Renewable Energy has 14 refineries that turn vegetable oil, greases and sugars into biomass-based diesel fuel. One reason I like the company is the possibility of a new joint venture with Phillips 66 (NYSE: PSX) in which the two companies will build a large west coast biodiesel refining facility. California is one of REGI’s major customer states, and a new facility, currently planned for Washington state, alongside a Phillips 66 facility, would add valuable capacity to the Renewable Energy biodiesel offering.
Demand for biodiesel has risen 30% over the past two years, and REGI has been increasing production numbers to keep pace. They produced 11% more biodiesel in the first nine months of 2018 than 2017, and have increased production by 16% in the third quarter of 2018 alone.
REGI is also operating in a favorable regulatory environment. Despite tweets from the Commander-in-Chief negatively referencing global warming, that may have you thinking otherwise, the EPA is set to release updated regulations on biomass-diesel that would increase demand for the product. As Renewable Energy CEO Randolph Howard states, the new rules should “…ensure meaningful growth in both the biomass-based diesel and advanced biofuels category.”
In addition to these rules, and one of the reasons the company should be bought now, is a pending long term extension of the Biofuel Tax Credit (BTC). Howard says, “We’re pleased that participants across the various industries associated with biomass-based diesel remain united in the desire for a long-term extension of the BTC. This support is broad-based from feedstock suppliers, including farmers and ranchers, to producers, to blenders and, ultimately, to the end users represented largely by the trucking industry.”
REGI is projected to grow earnings 15% annually over the next five years, and has profit margins just north of 19%. Renewable Energy is well positioned as the major player in an industry that is seeing increasing demand, favorable tax and regulatory treatment, and a growing desire on the part of major players in the space to be seen as environmentally friendly. The company should continue to be the top player in biodiesel for the foreseeable future.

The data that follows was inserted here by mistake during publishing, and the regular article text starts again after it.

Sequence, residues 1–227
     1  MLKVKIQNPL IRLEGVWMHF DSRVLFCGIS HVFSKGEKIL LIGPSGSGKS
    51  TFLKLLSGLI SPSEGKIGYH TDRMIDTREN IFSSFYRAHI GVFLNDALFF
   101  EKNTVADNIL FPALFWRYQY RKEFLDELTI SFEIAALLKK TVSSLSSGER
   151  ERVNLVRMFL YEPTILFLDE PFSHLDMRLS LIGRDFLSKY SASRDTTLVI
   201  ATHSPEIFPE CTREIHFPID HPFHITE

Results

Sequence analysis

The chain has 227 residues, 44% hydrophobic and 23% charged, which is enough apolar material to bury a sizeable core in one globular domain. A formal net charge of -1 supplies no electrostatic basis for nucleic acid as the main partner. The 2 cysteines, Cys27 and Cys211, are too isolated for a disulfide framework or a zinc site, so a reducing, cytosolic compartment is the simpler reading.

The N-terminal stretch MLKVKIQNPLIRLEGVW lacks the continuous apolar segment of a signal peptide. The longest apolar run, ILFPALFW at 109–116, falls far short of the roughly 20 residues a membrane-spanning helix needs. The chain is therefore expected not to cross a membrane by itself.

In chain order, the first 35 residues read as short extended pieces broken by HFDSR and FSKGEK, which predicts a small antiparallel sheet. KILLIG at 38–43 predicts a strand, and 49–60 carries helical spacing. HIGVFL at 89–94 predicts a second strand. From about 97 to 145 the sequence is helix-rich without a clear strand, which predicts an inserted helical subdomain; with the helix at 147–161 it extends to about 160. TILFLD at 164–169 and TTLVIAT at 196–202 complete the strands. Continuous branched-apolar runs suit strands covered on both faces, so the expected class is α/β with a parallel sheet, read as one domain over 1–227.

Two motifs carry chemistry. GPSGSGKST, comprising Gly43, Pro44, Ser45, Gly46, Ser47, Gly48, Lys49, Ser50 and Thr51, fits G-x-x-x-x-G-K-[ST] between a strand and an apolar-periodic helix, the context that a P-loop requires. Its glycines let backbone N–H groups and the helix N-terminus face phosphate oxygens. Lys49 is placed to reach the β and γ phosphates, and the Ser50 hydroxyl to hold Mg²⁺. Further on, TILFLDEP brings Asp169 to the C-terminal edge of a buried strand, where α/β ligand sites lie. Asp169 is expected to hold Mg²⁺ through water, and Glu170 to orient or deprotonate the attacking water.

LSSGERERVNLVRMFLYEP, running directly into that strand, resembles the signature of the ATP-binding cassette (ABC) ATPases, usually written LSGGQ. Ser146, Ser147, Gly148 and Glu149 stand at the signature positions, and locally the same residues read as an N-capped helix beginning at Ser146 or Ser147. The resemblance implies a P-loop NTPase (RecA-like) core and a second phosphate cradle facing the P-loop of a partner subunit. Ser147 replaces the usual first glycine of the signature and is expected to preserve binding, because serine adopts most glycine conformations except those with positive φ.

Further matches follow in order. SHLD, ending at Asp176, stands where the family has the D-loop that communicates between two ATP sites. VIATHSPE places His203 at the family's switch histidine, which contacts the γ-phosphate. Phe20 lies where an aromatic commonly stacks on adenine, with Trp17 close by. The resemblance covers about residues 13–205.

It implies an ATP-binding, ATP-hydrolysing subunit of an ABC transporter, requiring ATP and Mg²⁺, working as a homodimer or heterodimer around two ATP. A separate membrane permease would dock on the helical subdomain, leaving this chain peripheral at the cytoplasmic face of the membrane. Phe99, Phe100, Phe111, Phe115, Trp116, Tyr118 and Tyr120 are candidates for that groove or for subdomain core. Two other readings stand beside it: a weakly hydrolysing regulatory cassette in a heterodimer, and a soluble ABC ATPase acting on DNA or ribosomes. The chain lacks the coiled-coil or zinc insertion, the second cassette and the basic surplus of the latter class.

TPI Composites (Nasdaq: TPIC)
With origins in building sailboats, TPI Composites is a manufacturer of composite wind blades for wind power generation. The company has manufacturing facilities in the U.S., four cities in China, Denmark, India, Mexico and Turkey. The wind power generation business is projected to reach $100 billion by 2025, with much of that growth coming from China, where TPI has a strong footprint.
2018 was an investment and transitioning year for the company, as they invested in a large number of start-up blade lines and moved a large amount of production to larger blades. The company is on track to complete, and begin reaping the benefits of, this investment in 2019. This is one reason I believe now is a good time to buy TPIC.
Management is already seeing an above projection interest in its new lines, and CEO Steve Lockard addressed the transition year in their latest conference call stating, “While we’ve had some execution challenges and delays relating to both start-ups and transitions this year, we’re getting better with our customer support at both start-ups and transitions making them happen faster and therefore, less costly.”
It appears the company has learned from this process and is projecting more incremental changes to its products moving forward. This should reduce cost, while still improving the efficiency of its blades. Management also believes the size of current blades is close to the maximum size practicable, and that future blades will be more modular in nature, which should point to increasing profit margins at TPIC.
TPI Composites has averaged 49% earnings growth the past 5 years and is projected to grow earnings 35% annually over the next 5 years. And with this growth profile, the company trades at a PE multiple of only 11. I would like to see a higher profit margin than the current 2%, but I believe the end of the transition period in 2018, along with a move to more modular products, will address that issue.
The demand for renewable energy is rising. Whether in the form of a large utility like NextEra, a biodiesel play like Renewable Energy, or a global wind energy company like TPI Composites, you should take advantage of this rising tide, and place a renewable energy stock in your portfolio.
Source: Investors Alley